Breathing, Meditation, Relaxation
Meditation & Mindfulness
The Power of Meditation
Many caregivers find a meditation practice to be a powerful tool for dealing with stress. I know, I know…. you’re probably thinking, how can I take time to follow my breath when I have an endless list of things that need to be done! Well, it does seem counterintuitive, but taking time to focus on breathing and giving your brain a slower gear to be in, can help you feel more peaceful and better able to cope with all your challenges and demands. Spiritual teachers have been telling us this for years, and science validates it, too. So, if you’re interested in learning how to slow down your mind’s thought stream and reclaiming a feeling of peace and confidence, here’s a quick list on getting started.
Practice your mindfulness at the same time everyday. It will make it easier to drop into meditation. Unless you’re traveling, go to the same spot, too.
Keep It Short and Sweet.
All you need is five or ten minutes a day. SIt upright on the floor, or in a chair where your feet are on the ground. Then just focus on your breath.
Breathe in, Breathe out.
Inhale, exhale. It’s as simple as that. Time yourself. There are some nice apps out there that can help keep your time and give you a gentle signal when time’s up.
It’s Not A Contest.
We tell ourselves that it’s just not possible to shut off our thoughts. That’s not the point. While you’re following your breath, if you notice thoughts floating by, that’s normal. If you’re stuck in a thought stream or notice that you are chasing your thoughts, it’s ok. Tell your thoughts that you will deal with them, just not now. Now they need to quiet down so you can just breathe.
Just try it. Everyday.
Set your timer for every day for a week. Just 5-10 minutes. Of course you can go longer, but just see what happens. Studies show it can help manage stress, anxiety and fear as well as helping you cope.
Why not try it for the first week, while you are still in bed. Before you get up, right after you open your eyes, feel where your thoughts are going. The stream of things going through your mind have already prompted you to make decisions about how your day will unfold. That affects you throughout the day, so use these thoughts to your advantage. No doubt you have a lot to do, and it’s on your mind, but give yourself a few minutes to think mindfully about how you want to do things. Set your intentions, and ask yourself what you need to do to take care of yourself along the way and still be present as a caregiver.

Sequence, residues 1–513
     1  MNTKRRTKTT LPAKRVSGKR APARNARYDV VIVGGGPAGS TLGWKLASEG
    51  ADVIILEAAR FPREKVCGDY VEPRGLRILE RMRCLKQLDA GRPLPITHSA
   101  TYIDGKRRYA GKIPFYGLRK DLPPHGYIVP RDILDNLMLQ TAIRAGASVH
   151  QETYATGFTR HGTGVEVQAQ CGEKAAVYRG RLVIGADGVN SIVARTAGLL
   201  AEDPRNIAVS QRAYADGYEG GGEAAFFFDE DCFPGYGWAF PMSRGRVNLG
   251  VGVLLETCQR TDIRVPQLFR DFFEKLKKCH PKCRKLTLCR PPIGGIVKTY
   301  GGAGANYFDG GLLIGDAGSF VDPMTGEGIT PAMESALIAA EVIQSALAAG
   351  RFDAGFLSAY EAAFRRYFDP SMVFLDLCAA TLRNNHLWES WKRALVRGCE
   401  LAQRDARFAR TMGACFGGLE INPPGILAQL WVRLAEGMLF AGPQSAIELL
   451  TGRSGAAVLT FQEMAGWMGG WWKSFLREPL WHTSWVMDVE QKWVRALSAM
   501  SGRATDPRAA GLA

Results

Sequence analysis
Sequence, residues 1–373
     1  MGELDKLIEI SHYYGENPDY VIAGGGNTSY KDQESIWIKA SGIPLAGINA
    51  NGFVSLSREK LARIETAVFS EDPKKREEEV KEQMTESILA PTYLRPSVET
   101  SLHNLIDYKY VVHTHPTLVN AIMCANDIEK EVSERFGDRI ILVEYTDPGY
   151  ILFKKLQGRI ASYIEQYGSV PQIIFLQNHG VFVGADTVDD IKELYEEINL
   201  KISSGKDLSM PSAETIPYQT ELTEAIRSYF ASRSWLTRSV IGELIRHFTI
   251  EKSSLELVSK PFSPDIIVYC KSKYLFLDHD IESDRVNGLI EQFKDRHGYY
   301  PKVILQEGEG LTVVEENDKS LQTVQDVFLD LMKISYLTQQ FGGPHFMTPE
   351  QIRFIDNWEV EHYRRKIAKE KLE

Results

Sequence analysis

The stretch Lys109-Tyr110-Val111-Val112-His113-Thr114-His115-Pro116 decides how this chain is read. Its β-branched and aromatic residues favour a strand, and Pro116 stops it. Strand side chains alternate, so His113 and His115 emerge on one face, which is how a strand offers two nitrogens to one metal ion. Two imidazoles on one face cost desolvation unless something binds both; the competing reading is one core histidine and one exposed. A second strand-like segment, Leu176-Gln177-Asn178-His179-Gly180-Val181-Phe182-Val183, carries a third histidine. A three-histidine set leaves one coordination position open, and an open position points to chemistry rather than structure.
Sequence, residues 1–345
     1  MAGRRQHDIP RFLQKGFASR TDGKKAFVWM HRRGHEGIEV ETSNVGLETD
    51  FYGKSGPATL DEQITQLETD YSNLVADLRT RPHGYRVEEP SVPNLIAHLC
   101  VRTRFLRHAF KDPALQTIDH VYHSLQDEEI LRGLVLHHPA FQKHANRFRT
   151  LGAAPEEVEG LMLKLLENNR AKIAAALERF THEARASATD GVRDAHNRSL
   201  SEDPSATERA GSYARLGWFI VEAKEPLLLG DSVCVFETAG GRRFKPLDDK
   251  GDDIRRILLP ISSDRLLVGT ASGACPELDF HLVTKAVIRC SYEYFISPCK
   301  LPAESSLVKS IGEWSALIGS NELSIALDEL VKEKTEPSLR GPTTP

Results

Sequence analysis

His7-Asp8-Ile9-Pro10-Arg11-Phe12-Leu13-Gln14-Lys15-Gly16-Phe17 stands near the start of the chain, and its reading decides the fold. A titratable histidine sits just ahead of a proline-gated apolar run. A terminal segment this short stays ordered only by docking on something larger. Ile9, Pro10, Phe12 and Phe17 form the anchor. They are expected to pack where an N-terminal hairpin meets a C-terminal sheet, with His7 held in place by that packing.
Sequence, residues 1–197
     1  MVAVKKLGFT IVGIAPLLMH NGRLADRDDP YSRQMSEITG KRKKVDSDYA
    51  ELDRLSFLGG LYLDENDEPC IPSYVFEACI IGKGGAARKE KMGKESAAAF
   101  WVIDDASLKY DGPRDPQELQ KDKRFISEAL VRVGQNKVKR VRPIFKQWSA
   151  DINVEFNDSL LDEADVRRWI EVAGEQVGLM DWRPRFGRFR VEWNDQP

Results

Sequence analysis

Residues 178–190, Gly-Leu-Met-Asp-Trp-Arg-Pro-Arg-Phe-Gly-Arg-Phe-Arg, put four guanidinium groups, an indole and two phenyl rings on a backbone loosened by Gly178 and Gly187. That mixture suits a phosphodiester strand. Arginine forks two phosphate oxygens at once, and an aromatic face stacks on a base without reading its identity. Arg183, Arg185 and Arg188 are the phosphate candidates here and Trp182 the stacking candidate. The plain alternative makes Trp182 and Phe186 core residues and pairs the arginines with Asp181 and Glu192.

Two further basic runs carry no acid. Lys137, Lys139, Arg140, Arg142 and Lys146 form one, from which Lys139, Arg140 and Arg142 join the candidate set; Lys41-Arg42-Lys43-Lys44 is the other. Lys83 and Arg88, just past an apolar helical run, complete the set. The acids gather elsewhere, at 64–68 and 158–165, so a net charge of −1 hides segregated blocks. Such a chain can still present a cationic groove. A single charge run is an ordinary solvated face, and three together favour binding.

3 Minute Breathing
We’ll divide this easy exercise into three sections, one per minute.
For the first minute, answer the question “How am I doing ? Right this minute?" Focus on how you feel, what you’re thinking and any sensations that might come up. If you can, give these words and phrases.
The second minute is focused on your breath. Just be aware of inhaling and exhaling.
The final minute is about how your body is reacting to your deliberate breathing. Feel the ways in which your breaths are affecting the rest of your body. Remember, Keeping a quiet mind can be challenging. When thoughts pop up, don’t try to block them, just let them flow into your meditative space, and let them go. Try to just observe them.
Don’t be in a hurry for results. Mindfulness exercises are like physical exercises. It will take time to see benefits. Be kind to yourself as you stay consistent and keep trying. Allow for flexibility between different techniques. There is no right or wrong way to do it.
VIDEO: Relax and destress with a guided meditation included in this webinar.